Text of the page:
Some of the following pronouncements taken from Ronald Duncan’s hilarious and sometimes shocking anthology, Critics’ Gaffes (1983), come from critics who supposedly know what they’re talking about. Others are the judgements of those who haven’t a clue. Perhaps Geoffrey Grigson nailed it when he described the romantic novelist and radio presenter Melvyn Bragg as ‘a media mediocrity who couldn’t tell good literature from old gym shoes.’ Mind you, like the stopped clock which tells the right time twice a day, a few of the following verdicts have the ring of truth.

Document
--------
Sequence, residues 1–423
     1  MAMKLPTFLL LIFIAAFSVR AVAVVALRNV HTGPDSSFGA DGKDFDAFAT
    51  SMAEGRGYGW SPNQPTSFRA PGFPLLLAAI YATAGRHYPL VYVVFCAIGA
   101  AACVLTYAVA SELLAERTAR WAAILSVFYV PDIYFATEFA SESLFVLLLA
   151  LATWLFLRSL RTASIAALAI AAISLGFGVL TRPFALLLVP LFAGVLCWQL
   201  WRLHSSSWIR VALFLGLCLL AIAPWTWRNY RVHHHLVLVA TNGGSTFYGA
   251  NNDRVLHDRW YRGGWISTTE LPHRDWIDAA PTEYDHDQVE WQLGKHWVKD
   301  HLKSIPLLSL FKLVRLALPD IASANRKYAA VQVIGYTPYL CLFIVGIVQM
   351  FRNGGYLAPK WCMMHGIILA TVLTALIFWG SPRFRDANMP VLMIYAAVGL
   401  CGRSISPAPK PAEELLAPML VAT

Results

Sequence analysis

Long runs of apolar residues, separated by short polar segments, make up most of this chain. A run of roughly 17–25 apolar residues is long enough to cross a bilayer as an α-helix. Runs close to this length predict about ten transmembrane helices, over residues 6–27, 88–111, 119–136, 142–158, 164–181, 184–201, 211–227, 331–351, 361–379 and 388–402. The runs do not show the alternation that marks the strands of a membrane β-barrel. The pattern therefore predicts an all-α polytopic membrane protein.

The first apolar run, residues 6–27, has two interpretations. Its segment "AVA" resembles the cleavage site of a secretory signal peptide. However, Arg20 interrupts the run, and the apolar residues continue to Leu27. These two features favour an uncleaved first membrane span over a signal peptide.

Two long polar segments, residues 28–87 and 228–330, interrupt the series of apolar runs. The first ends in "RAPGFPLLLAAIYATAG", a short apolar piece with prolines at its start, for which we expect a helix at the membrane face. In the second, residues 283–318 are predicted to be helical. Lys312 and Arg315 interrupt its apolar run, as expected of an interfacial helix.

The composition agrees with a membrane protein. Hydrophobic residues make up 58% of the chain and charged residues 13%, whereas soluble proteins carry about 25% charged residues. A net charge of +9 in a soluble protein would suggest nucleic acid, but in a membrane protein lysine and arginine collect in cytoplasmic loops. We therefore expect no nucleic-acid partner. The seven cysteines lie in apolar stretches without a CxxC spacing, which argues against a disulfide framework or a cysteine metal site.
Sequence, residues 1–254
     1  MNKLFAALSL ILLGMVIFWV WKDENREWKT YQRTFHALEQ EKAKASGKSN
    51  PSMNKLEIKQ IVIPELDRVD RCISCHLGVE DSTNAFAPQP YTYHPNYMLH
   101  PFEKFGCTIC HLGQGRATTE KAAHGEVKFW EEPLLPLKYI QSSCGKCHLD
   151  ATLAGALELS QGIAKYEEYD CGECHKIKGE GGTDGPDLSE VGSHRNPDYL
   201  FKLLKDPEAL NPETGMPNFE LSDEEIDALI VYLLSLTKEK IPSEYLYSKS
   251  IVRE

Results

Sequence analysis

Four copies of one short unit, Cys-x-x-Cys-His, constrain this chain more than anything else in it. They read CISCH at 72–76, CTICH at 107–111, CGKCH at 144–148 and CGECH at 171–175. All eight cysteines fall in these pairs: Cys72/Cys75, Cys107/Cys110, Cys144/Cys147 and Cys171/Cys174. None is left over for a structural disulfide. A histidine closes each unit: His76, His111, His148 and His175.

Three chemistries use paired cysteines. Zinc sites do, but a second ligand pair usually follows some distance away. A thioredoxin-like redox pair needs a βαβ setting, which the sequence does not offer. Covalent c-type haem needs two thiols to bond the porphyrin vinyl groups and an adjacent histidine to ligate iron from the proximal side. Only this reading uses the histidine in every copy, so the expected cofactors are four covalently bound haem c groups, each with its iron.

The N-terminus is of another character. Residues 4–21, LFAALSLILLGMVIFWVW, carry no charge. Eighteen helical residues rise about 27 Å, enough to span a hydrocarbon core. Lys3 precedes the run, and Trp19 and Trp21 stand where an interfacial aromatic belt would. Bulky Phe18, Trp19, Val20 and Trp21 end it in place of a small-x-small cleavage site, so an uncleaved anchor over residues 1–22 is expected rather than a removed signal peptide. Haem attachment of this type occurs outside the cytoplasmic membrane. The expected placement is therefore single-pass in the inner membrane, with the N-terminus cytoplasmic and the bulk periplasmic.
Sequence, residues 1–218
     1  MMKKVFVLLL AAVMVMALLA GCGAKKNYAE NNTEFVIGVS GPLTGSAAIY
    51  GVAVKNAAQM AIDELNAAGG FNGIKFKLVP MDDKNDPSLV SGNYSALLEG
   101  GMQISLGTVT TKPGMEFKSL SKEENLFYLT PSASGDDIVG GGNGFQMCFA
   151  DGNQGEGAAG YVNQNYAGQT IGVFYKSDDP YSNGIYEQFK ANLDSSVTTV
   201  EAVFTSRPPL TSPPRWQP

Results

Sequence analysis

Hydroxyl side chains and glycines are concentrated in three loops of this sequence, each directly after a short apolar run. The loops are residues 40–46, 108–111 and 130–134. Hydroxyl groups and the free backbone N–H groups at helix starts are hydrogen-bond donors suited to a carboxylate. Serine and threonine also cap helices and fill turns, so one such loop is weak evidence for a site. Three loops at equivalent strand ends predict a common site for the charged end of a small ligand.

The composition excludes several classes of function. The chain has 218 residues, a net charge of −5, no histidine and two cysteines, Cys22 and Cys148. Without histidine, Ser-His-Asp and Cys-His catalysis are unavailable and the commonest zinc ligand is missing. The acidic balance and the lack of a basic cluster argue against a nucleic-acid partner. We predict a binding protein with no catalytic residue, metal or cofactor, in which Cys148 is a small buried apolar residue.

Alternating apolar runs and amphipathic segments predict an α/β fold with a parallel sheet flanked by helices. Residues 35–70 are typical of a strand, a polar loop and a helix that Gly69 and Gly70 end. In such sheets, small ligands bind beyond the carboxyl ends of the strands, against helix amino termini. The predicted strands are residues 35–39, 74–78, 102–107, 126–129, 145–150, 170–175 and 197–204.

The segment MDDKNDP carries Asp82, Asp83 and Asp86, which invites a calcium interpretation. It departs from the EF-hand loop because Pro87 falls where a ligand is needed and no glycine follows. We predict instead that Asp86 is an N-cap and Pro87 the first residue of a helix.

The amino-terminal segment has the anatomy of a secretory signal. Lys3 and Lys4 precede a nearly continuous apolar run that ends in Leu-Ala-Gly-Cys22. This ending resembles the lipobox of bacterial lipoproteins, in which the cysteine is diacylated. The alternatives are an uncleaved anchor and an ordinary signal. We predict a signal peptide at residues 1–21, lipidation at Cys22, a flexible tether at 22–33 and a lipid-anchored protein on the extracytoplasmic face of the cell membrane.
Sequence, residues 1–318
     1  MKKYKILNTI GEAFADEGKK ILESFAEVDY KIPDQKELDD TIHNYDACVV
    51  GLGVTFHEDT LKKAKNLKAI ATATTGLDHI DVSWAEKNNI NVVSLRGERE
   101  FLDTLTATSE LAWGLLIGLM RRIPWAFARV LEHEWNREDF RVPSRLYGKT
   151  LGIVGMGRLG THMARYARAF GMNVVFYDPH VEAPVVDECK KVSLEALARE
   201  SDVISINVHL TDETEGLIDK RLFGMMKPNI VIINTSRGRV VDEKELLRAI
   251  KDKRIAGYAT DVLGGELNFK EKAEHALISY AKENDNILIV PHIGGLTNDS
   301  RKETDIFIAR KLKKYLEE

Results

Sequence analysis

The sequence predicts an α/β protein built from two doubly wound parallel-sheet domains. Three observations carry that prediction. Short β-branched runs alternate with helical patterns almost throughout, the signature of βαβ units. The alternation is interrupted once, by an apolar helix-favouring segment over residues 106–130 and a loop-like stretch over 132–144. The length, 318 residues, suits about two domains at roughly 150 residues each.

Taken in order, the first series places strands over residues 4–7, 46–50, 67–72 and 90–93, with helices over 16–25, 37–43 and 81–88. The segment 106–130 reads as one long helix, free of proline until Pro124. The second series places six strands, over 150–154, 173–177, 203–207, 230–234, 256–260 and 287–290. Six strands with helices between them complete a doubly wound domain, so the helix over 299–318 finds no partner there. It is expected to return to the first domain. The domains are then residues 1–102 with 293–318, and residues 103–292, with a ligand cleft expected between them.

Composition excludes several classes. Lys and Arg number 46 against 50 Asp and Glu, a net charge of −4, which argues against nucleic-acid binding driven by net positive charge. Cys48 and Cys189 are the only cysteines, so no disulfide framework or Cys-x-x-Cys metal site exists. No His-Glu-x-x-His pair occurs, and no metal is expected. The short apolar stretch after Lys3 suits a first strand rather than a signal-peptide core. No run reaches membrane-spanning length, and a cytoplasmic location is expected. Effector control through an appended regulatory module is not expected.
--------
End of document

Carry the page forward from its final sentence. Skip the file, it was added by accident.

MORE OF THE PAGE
Theatre critic Robert Morley on Samuel Beckett’s masterpiece.
‘…it is my considered opinion that the success of Waiting for Godot’ is the end of the theatre as we know it’.
Essayist and critic William Hazlitt on Lord Byron
‘He makes virtue serve as a foil to vices…the noble lord is almost the only writer who has prostituted his talents in this way.’
George Henry Lewis on Charles Dickens
‘Thought is strangely absent from his works. I do not suppose a single thoughtful remark on life or character could be found throughout the twenty volumes.’ (1872)
Aldous Huxley on Dickens Continue reading